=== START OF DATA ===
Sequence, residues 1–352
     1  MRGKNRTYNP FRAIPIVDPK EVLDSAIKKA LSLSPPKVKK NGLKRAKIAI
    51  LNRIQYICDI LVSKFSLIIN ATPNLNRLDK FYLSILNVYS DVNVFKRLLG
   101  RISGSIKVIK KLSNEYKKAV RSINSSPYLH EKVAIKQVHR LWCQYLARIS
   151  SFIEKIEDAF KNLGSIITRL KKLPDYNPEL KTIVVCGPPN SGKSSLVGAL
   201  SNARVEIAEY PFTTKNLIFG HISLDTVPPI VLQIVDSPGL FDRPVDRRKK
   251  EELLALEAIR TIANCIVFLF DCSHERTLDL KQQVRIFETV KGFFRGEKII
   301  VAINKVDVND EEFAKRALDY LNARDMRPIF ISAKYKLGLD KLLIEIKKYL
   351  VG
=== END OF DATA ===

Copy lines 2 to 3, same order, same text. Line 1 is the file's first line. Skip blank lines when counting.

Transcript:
     1  MRGKNRTYNP FRAIPIVDPK EVLDSAIKKA LSLSPPKVKK NGLKRAKIAI
    51  LNRIQYICDI LVSKFSLIIN ATPNLNRLDK FYLSILNVYS DVNVFKRLLG